Defeating The Wall

A few weeks back, Lor and I discovered indoor rock climbing as an aspiration. We asked questions, grabbed flyers, and made plans for our eventual return. We even started specific training programs, so that we would be ready for the challenge when the time came.

So, of course, when the opportunity came to tackle rock climbing without training or preparation, we threw ourselves right in.

There Stands The Wall

Hinkle Family Fun Center, here in Albuquerque, is a family-themed activities parks. Miniature golf? Yup, they’ve got it. Ticket-dispensing video arcade? Yeah, that too. Bumper cars? Laser Tag? Paintball? Yup, all of the above.

So, how about a 32-foot climbing wall?

Turns out they have one of those as well. While purchasing our tickets for our visit yesterday, our nephew was completely focused on the possibilities of Laser Tag. Lor and I, however, could not take our eyes off The Wall.

“We totally have to climb that,” I whispered to her as we went off to drive the go-karts.

“Oh, absolutely.” she agreed.

All day long, we kept orbiting around The Wall as we ran ourselves ragged trying all the other activities. Finally, mid-afternoon, when the excitement of the park had begun to pale for even our nephew, the time had come. The three of us walked up the hill and placed ourselves in line for The Wall.

Looking Up

Have you ever had the opportunity to look straight up 32 feet?

If not, go find your nearest 3-story building. Stand right up next to it, then envision yourself climbing it. That is exactly what we were about to do.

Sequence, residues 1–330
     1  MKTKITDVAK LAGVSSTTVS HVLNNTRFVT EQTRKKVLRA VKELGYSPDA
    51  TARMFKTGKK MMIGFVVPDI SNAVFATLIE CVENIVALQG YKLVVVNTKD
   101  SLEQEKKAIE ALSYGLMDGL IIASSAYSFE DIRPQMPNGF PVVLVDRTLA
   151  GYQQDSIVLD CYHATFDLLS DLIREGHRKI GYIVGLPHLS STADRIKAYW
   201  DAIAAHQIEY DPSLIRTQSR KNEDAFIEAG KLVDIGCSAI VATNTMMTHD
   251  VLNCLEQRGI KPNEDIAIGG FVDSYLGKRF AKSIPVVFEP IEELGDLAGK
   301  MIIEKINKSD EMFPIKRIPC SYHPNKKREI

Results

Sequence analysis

I appointed myself as the official photographer for the adventure and sent Lor and our nephew to head up first. Lor, normally fearless, was subdued.

“I don’t think I can do this.” she whispered to me as we moved to the front of the line.

I patted her on the back and told her she would be fine. She steeled herself and walked through the gate to meet her destiny.

The attendant who helped her get in the harness made a joke that the cable “had only broken twice.” This was probably not helpful to Lor’s state of mind.

But, she did it anyway:

See what I mean about 32 feet being a lot taller up close?

To Dream The Impossible Dream

At last, the intrepid pair had returned to the ground, and it was my turn to tackle The Wall. Our nephew graciously agreed to ascend it with me so that some stranger wouldn’t have to listen to me whimpering.

The initial ascent wasn’t bad, as these things go. It was an interesting exercise in trying to figure out where to place the feet in order to get the maximum lift to the next set of hand holds.

After repeating this process a few times, with my nose stuck about 6 inches away from the surface in front of me, I made the mistake of looking down. I gulped in terror and looked off to the side instead. My nephew had climbed 3/4 of the way up while I was barely halfway.

However, if there is one thing I possess, it is stubbornness. I flattened myself against the wall and resolved to never look down again. Then I resumed my ascent.

A few minutes later, I had arrived:

I just noticed my nephew and I are dressed like “twinsies”.

Winded, but triumphant, I reached a trembling hand forward and slapped the button at the top of the wall.

Nothing happened.

After my descent, I was informed that the buzzer is broken. Talk about a letdown.

The After-Action Report

So, having tackled this wall, what does this mean for our eventual visit to the 45+ foot walls at Stone Age?

Our plans have not changed. Though we were both winded and terrified, it was a good fear – kind of like a roller coaster. I can also report that today I am sore in all the places I have been emphasizing with my new workout routine. Hands, forearms, lats and quads are all feeling like I climbed a wall yesterday. I am apparently on the right track at the gym.

A year ago I still weighed 285 pounds, and would not have been allowed near The Wall.

Just sayin’.

Sore But Triumphant,

Jeremy

100 Pounds and Counting

100 Pounds Down!

Quick, what are some things that weigh 100 pounds?